A half day helping of hub happenings here as the Chairman and the Secretary join forces for a doorstep challenge with an added element of cold case investigation...

- CSI West Bromwich boldly baldly on the case... -
Donning gumshoe garb we meet at Dartmouth Street tram stop to commence our detective duty, whereby D9 has got wind of an unsolved murder dating back to 1961. We therefore stake out the crime scene near Bratt Street hoping for leads whilst trying to pinpoint the former locations of Christ Church and some tennis courts. Sadly there aren't any new clues to be found although we do note the pending demolition of a fire-damaged town house just across from the former Labour Club.

- Tantany Lane -
We clearly aren't cut out for cold case contemplation so a forensic ferret will have to suffice instead. The backstreets of Tantany are beckoning as we pass West Bromwich Baptist Church and Hargate Primary School before uncovering the town's fire and ambulance stations. Detective Superintendent D9 is then distraught to find the Hargate Arms seemingly closed (for good?) - he has fond memories of the place from his early days on the beer beat.

- Lyne Purl Penalty Notice -
To Lyndon next and a chance encounter with hidden history when we find the Lyne Purl Well perched upon the pavement - this was once the primary source of clean water for the locality but has been out of use for 20 years or more, hence the ceremonial lion's mouth now runs dry. The well was an excellent discovery but the same cannot be said of D9's next piece of evidence, a penalty notice packet that he probably could have done with in Ellesmere. Thankfully the Chairman is not liable for any fines today so it's the Secretary on call for the cobs and ale in the Horse & Jockey, Mr WME being only too happy to pay out for £1.50 pints of Ringwood Fortyniner - a definite discount deal!

- WME wins in the Globe -
D9 did get his own back by winning the first two legs of darts, then our customary exchange of silly songs has Kenneth Cope uttering 'Hands off stop mucking about' in reply to a 'Frontier Psychiatrist' - how's that for an frankly frightening combination! Decamping to the Globe sees normal sporting service resumed, WME Whirlwind finding form with the aid of Thornbridge Jaipur and some stellar checkouts (85 and 52 chief among them). A 0-2 deficit becomes a 5-2 lead in barely the blink of a pub cat's eye.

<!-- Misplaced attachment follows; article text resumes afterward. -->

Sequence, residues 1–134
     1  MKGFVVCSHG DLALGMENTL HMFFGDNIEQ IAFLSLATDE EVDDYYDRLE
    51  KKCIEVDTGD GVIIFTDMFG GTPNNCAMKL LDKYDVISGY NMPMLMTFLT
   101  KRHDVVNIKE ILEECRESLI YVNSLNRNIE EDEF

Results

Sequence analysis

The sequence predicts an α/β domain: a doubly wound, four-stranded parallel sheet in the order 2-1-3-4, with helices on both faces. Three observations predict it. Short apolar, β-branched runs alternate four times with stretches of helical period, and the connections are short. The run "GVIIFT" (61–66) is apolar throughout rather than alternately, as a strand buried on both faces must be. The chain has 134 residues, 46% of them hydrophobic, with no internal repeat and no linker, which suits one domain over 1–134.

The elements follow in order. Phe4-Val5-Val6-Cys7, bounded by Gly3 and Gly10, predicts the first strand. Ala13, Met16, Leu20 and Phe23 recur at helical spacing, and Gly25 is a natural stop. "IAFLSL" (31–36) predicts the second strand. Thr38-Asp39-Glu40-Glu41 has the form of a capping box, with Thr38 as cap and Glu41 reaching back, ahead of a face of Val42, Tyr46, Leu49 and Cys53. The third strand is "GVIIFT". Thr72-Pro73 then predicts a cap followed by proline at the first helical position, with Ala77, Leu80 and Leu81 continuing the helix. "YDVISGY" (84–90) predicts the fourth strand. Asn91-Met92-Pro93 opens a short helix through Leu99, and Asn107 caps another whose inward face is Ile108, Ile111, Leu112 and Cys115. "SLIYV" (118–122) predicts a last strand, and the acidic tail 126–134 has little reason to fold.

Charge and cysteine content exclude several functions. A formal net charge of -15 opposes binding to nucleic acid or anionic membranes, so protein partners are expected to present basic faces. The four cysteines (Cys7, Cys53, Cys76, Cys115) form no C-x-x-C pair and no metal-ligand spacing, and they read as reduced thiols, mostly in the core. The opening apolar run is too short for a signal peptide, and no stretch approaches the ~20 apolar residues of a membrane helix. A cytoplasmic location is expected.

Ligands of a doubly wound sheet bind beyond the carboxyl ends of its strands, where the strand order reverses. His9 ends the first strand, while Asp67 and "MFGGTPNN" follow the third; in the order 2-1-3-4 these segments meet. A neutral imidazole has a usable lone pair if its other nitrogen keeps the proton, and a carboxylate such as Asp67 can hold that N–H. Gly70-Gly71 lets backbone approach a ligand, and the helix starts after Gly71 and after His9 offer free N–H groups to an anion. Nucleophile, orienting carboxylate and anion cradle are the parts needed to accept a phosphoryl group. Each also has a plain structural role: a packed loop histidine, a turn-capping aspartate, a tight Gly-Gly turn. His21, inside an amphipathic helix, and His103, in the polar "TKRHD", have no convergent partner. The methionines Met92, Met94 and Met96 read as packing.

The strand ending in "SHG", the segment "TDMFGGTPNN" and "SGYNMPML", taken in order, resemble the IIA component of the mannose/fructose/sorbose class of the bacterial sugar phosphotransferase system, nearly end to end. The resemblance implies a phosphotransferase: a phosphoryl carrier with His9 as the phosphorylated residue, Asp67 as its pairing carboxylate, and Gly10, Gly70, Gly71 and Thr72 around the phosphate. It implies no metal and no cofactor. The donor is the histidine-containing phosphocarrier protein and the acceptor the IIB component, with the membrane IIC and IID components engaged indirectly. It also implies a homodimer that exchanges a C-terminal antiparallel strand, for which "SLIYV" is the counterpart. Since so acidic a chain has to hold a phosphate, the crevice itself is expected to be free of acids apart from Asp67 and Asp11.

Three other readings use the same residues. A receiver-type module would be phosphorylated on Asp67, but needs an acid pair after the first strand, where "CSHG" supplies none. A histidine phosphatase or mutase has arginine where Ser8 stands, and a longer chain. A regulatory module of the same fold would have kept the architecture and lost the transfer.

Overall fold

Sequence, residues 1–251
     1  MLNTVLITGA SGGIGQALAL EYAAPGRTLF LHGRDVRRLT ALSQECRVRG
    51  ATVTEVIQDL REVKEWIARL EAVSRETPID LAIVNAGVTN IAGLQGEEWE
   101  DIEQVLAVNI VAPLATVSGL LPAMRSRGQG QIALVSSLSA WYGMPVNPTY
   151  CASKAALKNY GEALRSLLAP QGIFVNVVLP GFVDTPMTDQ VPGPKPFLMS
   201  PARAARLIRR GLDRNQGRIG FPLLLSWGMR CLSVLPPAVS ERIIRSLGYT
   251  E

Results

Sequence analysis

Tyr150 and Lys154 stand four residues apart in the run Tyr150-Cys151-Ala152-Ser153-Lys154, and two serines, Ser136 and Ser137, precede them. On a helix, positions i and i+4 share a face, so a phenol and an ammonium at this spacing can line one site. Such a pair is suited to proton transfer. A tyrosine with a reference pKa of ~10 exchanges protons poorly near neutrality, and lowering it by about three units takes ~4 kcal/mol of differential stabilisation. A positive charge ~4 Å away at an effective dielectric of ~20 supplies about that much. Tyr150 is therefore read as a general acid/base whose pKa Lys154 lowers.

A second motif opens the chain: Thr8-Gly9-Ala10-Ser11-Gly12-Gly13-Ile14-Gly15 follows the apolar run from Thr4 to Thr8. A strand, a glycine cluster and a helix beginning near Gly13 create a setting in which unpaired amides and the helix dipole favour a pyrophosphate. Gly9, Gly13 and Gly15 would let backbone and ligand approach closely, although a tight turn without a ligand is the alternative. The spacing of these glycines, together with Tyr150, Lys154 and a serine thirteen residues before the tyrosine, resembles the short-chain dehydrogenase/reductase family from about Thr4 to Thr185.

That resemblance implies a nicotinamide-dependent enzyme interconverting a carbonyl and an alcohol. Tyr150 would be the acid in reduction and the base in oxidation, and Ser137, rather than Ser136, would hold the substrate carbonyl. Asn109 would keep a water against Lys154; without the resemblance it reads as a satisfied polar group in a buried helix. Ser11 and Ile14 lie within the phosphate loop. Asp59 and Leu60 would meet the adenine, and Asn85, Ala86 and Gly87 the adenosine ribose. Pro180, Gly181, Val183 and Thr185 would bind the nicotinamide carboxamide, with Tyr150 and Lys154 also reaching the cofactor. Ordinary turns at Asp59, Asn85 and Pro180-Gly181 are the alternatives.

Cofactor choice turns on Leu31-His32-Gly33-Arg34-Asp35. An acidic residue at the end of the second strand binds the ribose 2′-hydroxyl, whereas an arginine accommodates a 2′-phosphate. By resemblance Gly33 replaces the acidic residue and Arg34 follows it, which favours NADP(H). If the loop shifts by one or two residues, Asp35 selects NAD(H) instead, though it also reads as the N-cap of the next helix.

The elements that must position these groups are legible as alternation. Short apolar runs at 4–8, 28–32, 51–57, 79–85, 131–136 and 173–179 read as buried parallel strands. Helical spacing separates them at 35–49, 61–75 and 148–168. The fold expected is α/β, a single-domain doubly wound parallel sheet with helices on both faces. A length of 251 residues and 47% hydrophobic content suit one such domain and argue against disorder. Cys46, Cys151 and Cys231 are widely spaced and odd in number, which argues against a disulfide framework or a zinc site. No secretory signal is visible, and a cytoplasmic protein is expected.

- Tesco Trolley Time -
For some bizarre and devilish reason the Chairman was now most insistent that the Secretary should experience the full authentic West Bromwich 'treatment', warts and all. WME's misgivings about what such an education would involve were not remotely allayed when an unnerving concrete car park suddenly appeared on our agenda; apparently this multi-storey masterpiece is due to be consigned to history before too long, hence D9's keenness to milk it for vintage trolley park pictures.

- Metro Moments -
Escaping back into normal daylight, we weave a trail to the Vine on Roebuck Street, pausing momentarily to account for the Olde Wine Shoppe along the way. The Vine is well known for its Indian cuisine and indoor barbecue but we somehow manage to resist the lure of the curry in favour of some enjoyable Holden's Golden Glow. Kenrick Park Metro awaits in the shadow of some distinctive blue tower blocks, then we ride to The Crescent in advance of some Bilston doorstep canvassing.

- A new recruit in the Happy Wanderer? -